Investing can be a scary proposition, but it can also be rewarding. Long-term investments can help round out your wealth portfolio, hasten your retirement, or let you work less.
Poor investing can have the exact opposite effect. So before you put your first dollar into the stock market, you should know the necessary principles and best practices. Not doing so would be like riding a motorcycle without ever taking a lesson: fun, but potentially disastrous.
10 Key Stock Market Principles and Practices
The first thing to do is understand why you want to invest. Is your goal early retirement? Retirement on time with more money? A passive income stream so you can live a more affluent lifestyle? To have fun playing the game of investing?
Your answer will tell you important things about how you should invest. If you want to retire early, you’ll need a more aggressive — and possibly less stable — position than if you’re making it part of a traditionally timed retirement plan. If you’re investing for fun, it’s best to take your stock purchase money out of your entertainment budget instead of your retirement contributions.
Once your answer, take it one step further and attach some numbers. How much do you need to retire? What yield will your investments need to provide for you to reach that amount on schedule? What dividends do you want to realize each year?
These metrics are the critical connective tissue between having a financial goal and setting up a means to attain it through investing.
With very few exceptions, the money you have available to invest should first go toward paying off debt. Most of the time, the interest charged by even reasonably priced loans is substantially higher than the reliable yield from many investments.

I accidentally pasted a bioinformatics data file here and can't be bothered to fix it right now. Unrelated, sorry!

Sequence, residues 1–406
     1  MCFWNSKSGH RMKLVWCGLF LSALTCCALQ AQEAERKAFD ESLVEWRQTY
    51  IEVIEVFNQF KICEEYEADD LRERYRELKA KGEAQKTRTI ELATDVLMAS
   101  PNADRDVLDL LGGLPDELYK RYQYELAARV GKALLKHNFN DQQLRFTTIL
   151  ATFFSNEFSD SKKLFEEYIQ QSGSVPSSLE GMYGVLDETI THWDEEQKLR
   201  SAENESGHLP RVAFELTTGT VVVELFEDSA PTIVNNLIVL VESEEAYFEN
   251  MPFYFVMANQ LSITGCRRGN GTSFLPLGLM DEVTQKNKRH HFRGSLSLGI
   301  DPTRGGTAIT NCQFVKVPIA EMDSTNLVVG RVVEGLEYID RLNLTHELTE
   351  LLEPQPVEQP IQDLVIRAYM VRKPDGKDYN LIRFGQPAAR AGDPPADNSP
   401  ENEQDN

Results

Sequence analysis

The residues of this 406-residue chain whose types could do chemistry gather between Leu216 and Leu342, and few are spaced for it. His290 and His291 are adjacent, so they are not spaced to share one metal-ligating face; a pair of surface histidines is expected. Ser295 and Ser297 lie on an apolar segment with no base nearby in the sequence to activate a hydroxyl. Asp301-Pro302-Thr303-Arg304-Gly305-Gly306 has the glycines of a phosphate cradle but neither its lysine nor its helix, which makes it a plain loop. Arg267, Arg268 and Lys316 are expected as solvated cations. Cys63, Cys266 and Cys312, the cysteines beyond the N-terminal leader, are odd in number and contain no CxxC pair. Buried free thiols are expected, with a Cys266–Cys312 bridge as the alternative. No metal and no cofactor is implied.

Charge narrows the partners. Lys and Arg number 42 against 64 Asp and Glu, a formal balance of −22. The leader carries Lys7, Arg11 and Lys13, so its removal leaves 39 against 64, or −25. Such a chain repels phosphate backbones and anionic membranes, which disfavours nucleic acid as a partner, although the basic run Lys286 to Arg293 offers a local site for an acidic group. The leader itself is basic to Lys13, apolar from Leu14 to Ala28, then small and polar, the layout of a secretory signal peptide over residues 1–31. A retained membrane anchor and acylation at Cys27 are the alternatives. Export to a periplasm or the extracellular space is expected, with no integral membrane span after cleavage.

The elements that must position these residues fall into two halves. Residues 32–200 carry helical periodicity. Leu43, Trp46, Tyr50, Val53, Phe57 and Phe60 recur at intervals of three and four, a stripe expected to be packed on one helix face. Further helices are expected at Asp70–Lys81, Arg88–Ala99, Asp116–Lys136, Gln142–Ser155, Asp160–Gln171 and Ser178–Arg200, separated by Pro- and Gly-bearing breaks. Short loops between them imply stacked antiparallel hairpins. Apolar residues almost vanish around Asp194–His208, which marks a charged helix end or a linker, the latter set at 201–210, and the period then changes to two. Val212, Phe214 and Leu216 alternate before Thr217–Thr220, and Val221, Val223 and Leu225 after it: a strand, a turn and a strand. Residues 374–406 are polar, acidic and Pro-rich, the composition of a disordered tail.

Let’s compare the recent average interest rates for consumer loans and credit cards, assuming a good credit score:
Compare that to the stock market’s average yield, which historically hovers around 10%. If you invest in the stock market instead of paying off a loan, you’ll lose money overall. There are two possible exceptions to this.
First, like student loans, mortgages, and some car loans, very low-interest loans could cost less in interest than the average yield of your investment. If that’s the case, you can consider investing before those loans are paid off.
Second, if your employer offers pretax or fund-matched investment as a benefit, the net yield between tax savings and matching can double or triple the effective gain from that investment.
Day trading became popular in the late 1990s when the first online investment tools went public, allowing people to make trades in real time without a broker’s help. It gets the name from people trading daily (or multiple times per day) as though their investments were a video game instead of a long-term financial stake.
The two types of day traders are amateurs and big fish. The amateurs don’t realize it’s best to tweak your stock portfolio periodically and let the market keep your average yield on point. The big fish are highly experienced experts who understand the market well enough to make informed, real-time purchase decisions.
Unless you’re an expert, it’s best to avoid day-trading.
As you get close to your first investment, the question becomes where you’ll get the money for that investment. Do not borrow that money, either from a lender or from your other retirement contributions. Investment yields reliably show good growth over time but can lose money in the short term.
Instead, find a way to cut your costs to fund your investment adventure. Cancel the gym membership you never use, pack your lunch twice a week, or scale back on your cable package. It’s not hard to find $20 here and there until you’ve saved $100 a month for an initial investment stake.
Many of your investment decisions will boil down to making a safer investment with a lower likely yield versus investing in something that’s more likely to perform poorly but could make you a lot of money if things go right.